Despite this, Lawrence is the first QB2 off that board at QB13 by ADP, which represents a downturn over time but still significant value. Maybe he will turn it around, but (and I’m recognizing I’m beating a dead horse here) he had the worst metrics out of every quarterback in his draft class. While early, it might be worth avoiding the sunk cost fallacy and cashing out at a loss.

Hold: James Robinson, RB (ADP = 127.5, Rank = 131.7)

Prior to his torn Achilles, Robinson was actually having a slightly more efficient season than his out-of-nowhere rookie campaign, with averages of 4.7 YPC and 7.2 YPR (compared to 4.5 and 7.0, respectively). While qualitative analysis means precious little in football, he was quite arguably the only bright spot on the Jacksonville offense. In a world where both he and Travis Etienne are fully healthy, I believe both would see some run in something of the old Alvin Kamara/Mark Ingram paradigm, with Robinson as the thunder to Etienne’s lightning. Robinson still needs to prove his health coming back from one of football’s most brutal injuries, but at RB4 prices I’d be willing to find out.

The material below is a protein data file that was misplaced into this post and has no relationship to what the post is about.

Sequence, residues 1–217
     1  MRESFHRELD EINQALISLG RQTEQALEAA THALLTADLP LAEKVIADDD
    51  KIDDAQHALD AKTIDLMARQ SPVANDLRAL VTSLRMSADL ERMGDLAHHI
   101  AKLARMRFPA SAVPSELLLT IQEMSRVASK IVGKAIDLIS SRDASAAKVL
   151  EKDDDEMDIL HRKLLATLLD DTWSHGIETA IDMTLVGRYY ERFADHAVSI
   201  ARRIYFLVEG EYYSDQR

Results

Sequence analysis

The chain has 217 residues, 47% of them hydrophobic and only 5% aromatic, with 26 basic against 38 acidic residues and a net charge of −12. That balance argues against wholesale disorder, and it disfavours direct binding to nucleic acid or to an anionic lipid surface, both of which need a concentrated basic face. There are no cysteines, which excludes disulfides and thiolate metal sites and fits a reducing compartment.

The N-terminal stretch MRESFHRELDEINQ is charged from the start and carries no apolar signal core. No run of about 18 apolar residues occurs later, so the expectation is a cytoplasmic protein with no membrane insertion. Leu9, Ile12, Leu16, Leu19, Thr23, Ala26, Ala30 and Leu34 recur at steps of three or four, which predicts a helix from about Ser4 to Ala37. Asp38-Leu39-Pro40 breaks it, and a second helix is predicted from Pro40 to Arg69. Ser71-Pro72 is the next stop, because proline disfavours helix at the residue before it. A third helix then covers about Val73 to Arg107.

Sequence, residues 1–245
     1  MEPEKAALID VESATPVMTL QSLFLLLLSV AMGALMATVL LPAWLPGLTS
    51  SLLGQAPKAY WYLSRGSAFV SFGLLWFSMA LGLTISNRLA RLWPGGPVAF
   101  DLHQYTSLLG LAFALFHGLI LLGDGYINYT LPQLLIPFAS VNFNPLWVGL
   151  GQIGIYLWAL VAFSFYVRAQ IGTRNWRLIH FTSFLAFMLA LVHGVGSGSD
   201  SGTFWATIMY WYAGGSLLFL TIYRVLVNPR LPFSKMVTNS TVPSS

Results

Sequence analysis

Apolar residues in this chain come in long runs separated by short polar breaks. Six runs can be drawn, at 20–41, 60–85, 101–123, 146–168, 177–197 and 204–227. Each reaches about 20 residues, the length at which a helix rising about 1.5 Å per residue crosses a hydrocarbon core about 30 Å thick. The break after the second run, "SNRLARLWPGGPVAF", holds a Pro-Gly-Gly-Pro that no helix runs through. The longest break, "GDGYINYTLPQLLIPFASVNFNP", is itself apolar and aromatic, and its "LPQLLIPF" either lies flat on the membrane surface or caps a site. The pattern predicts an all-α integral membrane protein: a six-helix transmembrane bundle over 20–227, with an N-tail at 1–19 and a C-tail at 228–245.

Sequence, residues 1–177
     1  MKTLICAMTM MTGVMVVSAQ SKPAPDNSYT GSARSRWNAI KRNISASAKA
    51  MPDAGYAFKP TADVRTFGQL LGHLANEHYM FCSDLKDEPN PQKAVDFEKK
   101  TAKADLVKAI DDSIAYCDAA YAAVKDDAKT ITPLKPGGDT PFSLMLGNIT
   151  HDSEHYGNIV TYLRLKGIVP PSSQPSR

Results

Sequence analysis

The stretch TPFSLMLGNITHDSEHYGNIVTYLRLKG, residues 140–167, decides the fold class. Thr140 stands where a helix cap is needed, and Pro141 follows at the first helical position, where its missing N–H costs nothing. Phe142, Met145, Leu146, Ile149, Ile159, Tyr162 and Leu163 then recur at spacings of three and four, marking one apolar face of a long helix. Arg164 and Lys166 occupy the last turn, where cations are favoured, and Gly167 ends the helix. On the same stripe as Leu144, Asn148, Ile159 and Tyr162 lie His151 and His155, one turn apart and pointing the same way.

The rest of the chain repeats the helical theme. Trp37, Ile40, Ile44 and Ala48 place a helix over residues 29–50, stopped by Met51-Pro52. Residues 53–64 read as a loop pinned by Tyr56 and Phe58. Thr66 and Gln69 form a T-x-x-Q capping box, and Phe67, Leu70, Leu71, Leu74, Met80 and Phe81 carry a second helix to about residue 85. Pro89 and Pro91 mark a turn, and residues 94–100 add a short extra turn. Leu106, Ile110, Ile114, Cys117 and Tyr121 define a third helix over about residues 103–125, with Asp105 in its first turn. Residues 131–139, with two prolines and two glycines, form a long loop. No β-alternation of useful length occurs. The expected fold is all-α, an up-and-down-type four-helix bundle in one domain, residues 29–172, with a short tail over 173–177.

Tennessee Titans

Buy: Austin Hooper, TE (ADP = 230.7, Rank = 222.1)

Has Hooper been good the past couple of years? Absolutely not. But the 2021 version of Cleveland featured a leading receiver with under 600 yards, with 2020 yielding only one receiver over 600 yards (Jarvis Landry had 840 yards). In short, there was no rising tide, and boats were not lifted. In the two years prior with Atlanta, Hooper compiled a fine aggregate line of 146-1,447-10, showing TE1 upside along the way. Much as was the case with Odell Beckham, I’m not going to hold Hooper’s Cleveland tenure against him. Still only 27, and now quite possibly the #2 target on the Titans, Hooper has upside as the TE33 by ADP.

Sell: Ryan Tannehill, WR (ADP = 203.8, Rank = 165.0)